DOWNEY -- With such unique facial hair, this Downey resident isn’t hard to miss in the center of the octagon.
MMA officiator Mike Beltran, 44, has deep roots within the city of Downey.
“My connection to Downey is pretty deep rooted. My family is here in Downey. I own a house in Downey here. My kids went to school in Downey,” said Beltran. “We moved from East LA to Downey many, many years ago in the 80’s... I love where I live, I love this city.”
Beltran is a brown belt in Brazilian Jiu Jitsu but started out training in boxing at the Azteca Gym in Bell as a kid.
“I boxed for several years, and I boxed a little bit in the Marine Corps,” said Beltran. “Back since 2002 is where I actually began training in MMA.”
Beltran wasn’t initially all that interested in Jiu Jitsu. His involvement took some persuasion and motivation from a close friend who was already in the sport.
“I had a really, really good friend of mine – rest in peace – Joe “Nini” Camacho…he was the first Mexican black belt that came out of East LA and fought in MMA…he is the one that dragged my big butt out of my house and said, ‘Hey dude, you have to try this stuff. This is so cool,’” said Beltran.
“I didn’t want to do it; I didn’t want to grapple. I just thought if I can’t knock you out on my feet then I deserve to get my butt kicked. I was so naïve about the sport.”
With a bit of motivation, Camacho was able to get Beltran into New Breed Academy in Santa Fe Springs, where Beltran still trains to this day.
“Let’s just say I got my butt kicked by everybody,” laughed Beltran. “Back then, I was about 250 pounds, 245 pounds. I was a big kid. I was, you know, a big muscular kid.”
Beltran’s size and strength advantages weren’t any help that first training session.
“Smaller guys that were a hell of a lot smaller than me - about 135, 145, 160 – [beat me]. I got really destroyed by a wrestler,” said Beltran. “Eventually I got humbled into training with a 12-year-old kid. He was a crazy little grappler and wrestler, and the only thing that kept him down was my size and strength. After that I was completely humbled.”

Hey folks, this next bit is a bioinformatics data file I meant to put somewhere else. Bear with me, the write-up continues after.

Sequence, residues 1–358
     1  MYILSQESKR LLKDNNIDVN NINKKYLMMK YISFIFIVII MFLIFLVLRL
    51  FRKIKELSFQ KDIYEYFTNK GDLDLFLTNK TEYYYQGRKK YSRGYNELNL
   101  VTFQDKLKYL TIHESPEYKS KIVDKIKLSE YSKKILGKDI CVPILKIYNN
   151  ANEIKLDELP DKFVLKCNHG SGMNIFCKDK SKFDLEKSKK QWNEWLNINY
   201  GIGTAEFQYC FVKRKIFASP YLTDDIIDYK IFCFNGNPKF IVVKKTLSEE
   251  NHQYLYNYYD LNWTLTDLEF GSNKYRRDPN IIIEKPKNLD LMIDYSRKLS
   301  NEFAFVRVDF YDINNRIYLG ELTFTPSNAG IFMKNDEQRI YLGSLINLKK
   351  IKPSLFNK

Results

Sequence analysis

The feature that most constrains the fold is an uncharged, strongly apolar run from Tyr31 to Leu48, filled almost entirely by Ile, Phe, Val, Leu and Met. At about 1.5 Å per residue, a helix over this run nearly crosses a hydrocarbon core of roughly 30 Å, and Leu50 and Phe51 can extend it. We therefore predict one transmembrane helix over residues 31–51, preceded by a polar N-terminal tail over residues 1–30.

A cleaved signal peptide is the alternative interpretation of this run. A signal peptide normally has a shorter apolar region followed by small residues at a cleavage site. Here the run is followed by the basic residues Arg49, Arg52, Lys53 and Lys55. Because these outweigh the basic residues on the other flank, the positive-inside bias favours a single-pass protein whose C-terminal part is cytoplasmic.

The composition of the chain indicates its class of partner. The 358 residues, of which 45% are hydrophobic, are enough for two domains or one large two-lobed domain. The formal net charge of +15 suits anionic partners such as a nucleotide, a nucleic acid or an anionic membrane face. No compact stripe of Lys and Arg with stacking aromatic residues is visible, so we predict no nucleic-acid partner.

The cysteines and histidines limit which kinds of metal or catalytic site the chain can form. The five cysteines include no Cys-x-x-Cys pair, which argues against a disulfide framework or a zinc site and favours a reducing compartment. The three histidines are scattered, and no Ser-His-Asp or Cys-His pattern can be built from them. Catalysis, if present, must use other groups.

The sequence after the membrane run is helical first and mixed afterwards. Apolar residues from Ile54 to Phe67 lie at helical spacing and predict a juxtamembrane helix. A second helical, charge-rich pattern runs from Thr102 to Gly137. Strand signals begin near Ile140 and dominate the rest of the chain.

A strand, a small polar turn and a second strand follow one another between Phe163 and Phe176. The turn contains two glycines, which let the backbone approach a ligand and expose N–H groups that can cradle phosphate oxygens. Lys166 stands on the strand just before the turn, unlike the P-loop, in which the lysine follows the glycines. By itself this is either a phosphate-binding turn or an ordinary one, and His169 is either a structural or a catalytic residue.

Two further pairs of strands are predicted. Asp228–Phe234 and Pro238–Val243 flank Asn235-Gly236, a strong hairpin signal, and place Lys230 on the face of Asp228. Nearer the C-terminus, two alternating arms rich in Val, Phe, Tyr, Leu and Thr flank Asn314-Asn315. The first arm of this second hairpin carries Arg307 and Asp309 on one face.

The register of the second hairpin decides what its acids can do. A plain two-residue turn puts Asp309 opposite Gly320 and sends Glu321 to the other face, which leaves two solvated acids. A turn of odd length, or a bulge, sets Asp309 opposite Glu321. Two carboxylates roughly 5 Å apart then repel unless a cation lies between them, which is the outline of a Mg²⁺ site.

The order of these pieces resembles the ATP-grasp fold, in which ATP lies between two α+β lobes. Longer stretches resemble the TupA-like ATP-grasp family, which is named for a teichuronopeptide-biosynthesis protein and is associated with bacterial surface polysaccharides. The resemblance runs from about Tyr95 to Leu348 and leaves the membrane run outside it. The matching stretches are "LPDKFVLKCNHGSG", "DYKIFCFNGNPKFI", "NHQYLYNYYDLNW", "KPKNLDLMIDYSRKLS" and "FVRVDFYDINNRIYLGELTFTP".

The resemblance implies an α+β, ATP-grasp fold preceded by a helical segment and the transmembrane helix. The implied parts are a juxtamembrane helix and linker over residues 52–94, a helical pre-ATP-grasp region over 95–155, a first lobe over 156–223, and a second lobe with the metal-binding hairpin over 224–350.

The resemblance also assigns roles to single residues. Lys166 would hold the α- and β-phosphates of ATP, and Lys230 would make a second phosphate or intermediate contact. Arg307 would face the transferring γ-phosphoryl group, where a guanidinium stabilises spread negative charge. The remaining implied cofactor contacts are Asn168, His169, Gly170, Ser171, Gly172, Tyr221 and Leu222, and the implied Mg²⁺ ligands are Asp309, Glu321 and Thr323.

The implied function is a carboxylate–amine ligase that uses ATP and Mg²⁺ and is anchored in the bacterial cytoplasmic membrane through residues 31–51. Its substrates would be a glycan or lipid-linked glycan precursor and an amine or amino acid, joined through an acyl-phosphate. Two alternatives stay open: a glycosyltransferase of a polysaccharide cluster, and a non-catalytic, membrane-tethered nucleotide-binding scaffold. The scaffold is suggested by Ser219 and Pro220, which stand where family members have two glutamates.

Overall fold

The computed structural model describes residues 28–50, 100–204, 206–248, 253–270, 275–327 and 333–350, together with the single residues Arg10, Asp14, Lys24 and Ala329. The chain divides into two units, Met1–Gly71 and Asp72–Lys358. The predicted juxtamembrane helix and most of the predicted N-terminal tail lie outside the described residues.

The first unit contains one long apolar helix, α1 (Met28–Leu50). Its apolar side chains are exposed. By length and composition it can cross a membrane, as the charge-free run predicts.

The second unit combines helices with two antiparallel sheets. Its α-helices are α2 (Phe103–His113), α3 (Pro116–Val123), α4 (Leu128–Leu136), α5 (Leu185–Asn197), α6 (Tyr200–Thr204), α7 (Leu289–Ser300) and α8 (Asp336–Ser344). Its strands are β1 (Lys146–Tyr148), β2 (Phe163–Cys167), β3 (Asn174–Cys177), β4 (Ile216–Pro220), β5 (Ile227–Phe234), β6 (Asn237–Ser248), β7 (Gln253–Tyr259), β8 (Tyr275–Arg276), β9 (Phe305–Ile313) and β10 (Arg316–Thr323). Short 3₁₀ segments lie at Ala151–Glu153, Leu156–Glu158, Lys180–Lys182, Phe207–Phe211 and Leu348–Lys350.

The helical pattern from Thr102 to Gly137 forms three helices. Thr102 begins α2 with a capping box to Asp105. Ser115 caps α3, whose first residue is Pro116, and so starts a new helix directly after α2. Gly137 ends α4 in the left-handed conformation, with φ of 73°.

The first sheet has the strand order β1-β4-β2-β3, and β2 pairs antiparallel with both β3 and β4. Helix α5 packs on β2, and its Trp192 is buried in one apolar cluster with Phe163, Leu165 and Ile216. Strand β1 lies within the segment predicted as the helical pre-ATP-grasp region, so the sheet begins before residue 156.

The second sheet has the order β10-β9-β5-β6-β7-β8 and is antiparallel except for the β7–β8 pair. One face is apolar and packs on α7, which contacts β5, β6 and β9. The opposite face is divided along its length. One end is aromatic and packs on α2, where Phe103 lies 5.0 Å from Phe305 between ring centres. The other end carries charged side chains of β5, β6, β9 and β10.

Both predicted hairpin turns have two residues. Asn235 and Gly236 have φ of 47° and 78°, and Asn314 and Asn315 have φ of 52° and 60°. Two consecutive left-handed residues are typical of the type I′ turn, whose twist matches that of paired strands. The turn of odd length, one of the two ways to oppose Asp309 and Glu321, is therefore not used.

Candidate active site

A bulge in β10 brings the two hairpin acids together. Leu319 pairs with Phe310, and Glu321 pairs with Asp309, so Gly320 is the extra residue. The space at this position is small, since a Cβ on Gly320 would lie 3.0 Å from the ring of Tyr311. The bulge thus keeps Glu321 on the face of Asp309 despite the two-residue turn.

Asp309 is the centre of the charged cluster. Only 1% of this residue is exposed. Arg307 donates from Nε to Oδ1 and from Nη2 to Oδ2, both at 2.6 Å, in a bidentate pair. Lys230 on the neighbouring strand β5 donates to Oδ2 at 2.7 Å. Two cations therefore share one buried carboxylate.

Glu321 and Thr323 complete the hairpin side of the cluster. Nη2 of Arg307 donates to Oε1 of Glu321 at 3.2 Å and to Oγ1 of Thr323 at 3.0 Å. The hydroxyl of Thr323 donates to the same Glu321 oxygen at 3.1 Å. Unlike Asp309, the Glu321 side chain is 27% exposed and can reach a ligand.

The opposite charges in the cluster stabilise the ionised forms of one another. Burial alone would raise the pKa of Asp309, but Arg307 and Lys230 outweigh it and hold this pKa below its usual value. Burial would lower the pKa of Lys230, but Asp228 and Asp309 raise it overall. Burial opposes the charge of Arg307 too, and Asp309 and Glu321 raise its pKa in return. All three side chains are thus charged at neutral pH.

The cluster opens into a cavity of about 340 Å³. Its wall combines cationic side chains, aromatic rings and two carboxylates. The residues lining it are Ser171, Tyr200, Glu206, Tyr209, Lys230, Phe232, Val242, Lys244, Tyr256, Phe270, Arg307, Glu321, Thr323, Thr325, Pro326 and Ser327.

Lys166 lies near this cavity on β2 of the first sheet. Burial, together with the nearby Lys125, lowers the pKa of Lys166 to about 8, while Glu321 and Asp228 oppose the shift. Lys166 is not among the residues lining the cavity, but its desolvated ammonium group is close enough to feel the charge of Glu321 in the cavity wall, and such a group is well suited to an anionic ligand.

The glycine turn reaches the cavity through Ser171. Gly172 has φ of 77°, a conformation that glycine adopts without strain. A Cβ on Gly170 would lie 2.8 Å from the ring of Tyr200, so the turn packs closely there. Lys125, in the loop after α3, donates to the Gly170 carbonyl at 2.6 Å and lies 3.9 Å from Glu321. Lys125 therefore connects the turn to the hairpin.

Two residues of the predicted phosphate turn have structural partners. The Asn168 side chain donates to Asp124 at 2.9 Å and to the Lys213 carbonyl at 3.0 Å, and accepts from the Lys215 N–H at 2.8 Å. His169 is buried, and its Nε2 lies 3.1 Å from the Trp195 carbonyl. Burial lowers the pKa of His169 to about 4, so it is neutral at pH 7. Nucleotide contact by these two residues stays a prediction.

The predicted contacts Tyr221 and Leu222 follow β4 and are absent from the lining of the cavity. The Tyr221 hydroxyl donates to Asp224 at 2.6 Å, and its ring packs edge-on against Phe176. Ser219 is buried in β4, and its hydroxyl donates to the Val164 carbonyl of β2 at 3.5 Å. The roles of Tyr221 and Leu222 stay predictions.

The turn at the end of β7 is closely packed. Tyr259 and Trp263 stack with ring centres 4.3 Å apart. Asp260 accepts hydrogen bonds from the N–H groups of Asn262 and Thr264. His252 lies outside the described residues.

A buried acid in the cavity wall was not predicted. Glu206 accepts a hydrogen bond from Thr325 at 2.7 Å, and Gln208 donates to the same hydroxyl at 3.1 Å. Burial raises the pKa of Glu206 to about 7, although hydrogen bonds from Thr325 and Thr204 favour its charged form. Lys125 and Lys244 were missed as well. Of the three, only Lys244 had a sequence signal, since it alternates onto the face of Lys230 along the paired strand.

Beltran said he had two choices – walk out with his tail between his legs or take on the challenge.
He started training from that day on.
His training has brought him to now being an official judge and referee. Due to his age and other commitments, Beltran says he felt he could get what he wanted out of the sport and more longevity by avoiding the fighter route and instead turning to officiating.
During his time as a referee, many of the fights he has officiated have been for local competitions between up-and-coming fighters.
On a bigger, recognizable scale, Beltran has had the privilege stepping into the UFC Octagon, including refereeing the Nate Diaz vs Josh Thomson fight.
“Josh Thomson TKO’d Nate Diaz, and I stopped the fight right as the towel went into the cage,” said Beltran. “That was a very notable fight. Just being in there with those world class athletes was amazing.”
And standing in the middle of the cage with those athletes, there is one particular thing that sets Beltran aside from other officials.
Beltran has received a lot of attention and fame through his signature mustache, which often hangs from his face in a very long braid.
“I’ve always hated shaving,” said Beltran. “It’s just me; it’s just who I am.”
Beltran admits that his facial has earned him his fair share of sideways glances, but he really doesn’t care.
“I think people are very judgmental with people by their appearance or how they look, or whatever,” said Beltran. “Some people like it [the mustache], some people don’t. I’m used to it now…I really didn’t care what people thought or what people said, because this is who I am.”